from The American Heritage® Dictionary of the English Language, 5th Edition.
- adjective Of, relating to, or being the period of geologic time from about 443 to 416 millions years ago, the third period of the Paleozoic Era. The Silurian Period is characterized by the development of jawed fishes, early invertebrate land animals, and land plants.
- noun The Silurian Period.
from The Century Dictionary.
- Of or belonging to the Silures, a people of ancient Britain, or their country.
- In geology, of or pertaining to the Silurian. See II.
- noun A name given by Murchison, in 1835, to a series of rocks the order of succession of which was first worked out by him in that part of England and Wales which was formerly inhabited by the Silures.
from the GNU version of the Collaborative International Dictionary of English.
- noun The Silurian age.
- adjective (Geol.) Of or pertaining to the country of the ancient Silures; -- a term applied to the earliest of the Paleozoic eras, and also to the strata of the era, because most plainly developed in that country.
from Wiktionary, Creative Commons Attribution/Share-Alike License.
- adjective geology Of a
geologic periodwithin the Paleozoic era; comprises the Llandovery, Wenlock, Ludlowand Pridoli epochsfrom about 439 to 409 million years ago.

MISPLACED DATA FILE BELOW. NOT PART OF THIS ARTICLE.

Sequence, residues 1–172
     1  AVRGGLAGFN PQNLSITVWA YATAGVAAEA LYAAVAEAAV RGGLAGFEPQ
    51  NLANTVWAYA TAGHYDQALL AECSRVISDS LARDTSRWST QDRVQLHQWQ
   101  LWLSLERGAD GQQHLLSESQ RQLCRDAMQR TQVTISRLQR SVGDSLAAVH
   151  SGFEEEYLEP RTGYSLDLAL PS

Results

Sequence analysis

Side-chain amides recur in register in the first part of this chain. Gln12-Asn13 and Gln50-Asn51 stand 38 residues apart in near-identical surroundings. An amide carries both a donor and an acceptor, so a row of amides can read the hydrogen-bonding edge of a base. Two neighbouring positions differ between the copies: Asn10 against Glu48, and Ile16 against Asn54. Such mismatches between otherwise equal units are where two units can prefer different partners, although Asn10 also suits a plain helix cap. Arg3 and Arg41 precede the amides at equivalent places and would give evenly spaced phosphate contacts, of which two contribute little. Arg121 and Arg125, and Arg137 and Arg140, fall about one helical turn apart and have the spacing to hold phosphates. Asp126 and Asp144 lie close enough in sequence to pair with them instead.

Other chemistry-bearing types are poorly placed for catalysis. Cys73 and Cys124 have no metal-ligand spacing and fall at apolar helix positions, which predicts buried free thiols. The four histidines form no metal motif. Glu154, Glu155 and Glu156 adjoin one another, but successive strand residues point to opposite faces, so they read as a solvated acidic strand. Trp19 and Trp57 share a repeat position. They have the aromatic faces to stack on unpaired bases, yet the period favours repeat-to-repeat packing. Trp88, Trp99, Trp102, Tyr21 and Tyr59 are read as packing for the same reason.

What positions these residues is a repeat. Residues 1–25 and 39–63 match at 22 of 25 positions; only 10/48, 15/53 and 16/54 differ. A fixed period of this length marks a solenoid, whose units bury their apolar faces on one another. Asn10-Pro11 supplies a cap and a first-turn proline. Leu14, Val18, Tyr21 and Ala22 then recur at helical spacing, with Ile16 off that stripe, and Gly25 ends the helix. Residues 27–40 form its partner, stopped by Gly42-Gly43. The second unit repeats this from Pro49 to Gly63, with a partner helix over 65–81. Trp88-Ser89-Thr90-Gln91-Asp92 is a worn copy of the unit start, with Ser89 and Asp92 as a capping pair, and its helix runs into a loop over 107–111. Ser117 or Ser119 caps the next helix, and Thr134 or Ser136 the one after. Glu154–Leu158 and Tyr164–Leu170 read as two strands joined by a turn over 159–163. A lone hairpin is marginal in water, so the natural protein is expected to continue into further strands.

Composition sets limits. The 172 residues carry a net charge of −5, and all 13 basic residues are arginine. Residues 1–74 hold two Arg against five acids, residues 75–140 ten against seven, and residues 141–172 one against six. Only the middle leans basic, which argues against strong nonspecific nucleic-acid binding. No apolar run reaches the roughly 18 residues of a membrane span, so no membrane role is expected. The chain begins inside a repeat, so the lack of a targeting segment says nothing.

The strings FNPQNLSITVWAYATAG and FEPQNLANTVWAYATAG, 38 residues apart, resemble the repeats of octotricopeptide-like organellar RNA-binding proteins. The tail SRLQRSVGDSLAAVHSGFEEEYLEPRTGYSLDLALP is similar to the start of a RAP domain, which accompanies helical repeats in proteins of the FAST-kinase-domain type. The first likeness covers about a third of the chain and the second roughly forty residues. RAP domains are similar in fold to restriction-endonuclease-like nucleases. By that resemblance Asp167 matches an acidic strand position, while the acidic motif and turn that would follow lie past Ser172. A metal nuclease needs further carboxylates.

- adjective archaeology Of or related to the Silures, a pre-Roman British tribe.
- proper noun geology The Silurian period.
from WordNet 3.0 Copyright 2006 by Princeton University. All rights reserved.
- noun from 425 million to 405 million years ago; first air-breathing animals
from The American Heritage® Dictionary of the English Language, 4th Edition
The term Silurian was employed by Barrande, after Murchison, in a more comprehensive sense than was justified by subsequent knowledge.
They're also in a fairway for a deeper zone called the Silurian, where a number of other companies have had huge success.
Confining our attention to the large vertebrate classes, the testimony of the rocks proves, as we have said, that fishes appeared first in what are called the Silurian and Devonian epochs, where they developed into a rich and varied array of types unequaled in modern times.
I find that if we take merely one portion of the detritus washed from its surface and laid down in the seaviz. that which is comprised in what is termed the Silurian systemand if we assume that it spreads over 60,000 square miles of Britain with an average thickness of 16,000 feet, or 3 miles, which is probably under the truth, then we obtain the enormous mass of 180,000 cubic miles.
You have in that first stage what the geologists call the Silurian Age, the age of fishes, when the great divine manifestation was of all these forms of life.
The Silurian was the great age of trilobites; the Devonian, the age of fishes; Mesozoic times swarm with the gigantic reptiles; and in Tertiary times the mammals are dominant.
In the so-called Silurian system we have a vast assemblage of strata of various kinds, together many thousands of feet thick, and abounding in remains of animal life.
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On the Cambrian rocks rest the formations known as Silurian, from the fact that they were first thoroughly examined in South Wales
She is a total bitch to everybody, and explains that she is a warrior class Silurian, which is the lizard race that used to own earth before we got it.
There is no alteration in this except that "Silurian" has become